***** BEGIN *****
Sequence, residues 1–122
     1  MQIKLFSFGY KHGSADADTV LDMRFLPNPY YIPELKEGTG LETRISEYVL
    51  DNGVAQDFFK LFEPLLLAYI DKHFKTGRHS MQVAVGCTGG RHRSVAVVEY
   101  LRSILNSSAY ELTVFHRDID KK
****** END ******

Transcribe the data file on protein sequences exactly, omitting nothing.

Sequence, residues 1–122
     1  MQIKLFSFGY KHGSADADTV LDMRFLPNPY YIPELKEGTG LETRISEYVL
    51  DNGVAQDFFK LFEPLLLAYI DKHFKTGRHS MQVAVGCTGG RHRSVAVVEY
   101  LRSILNSSAY ELTVFHRDID KK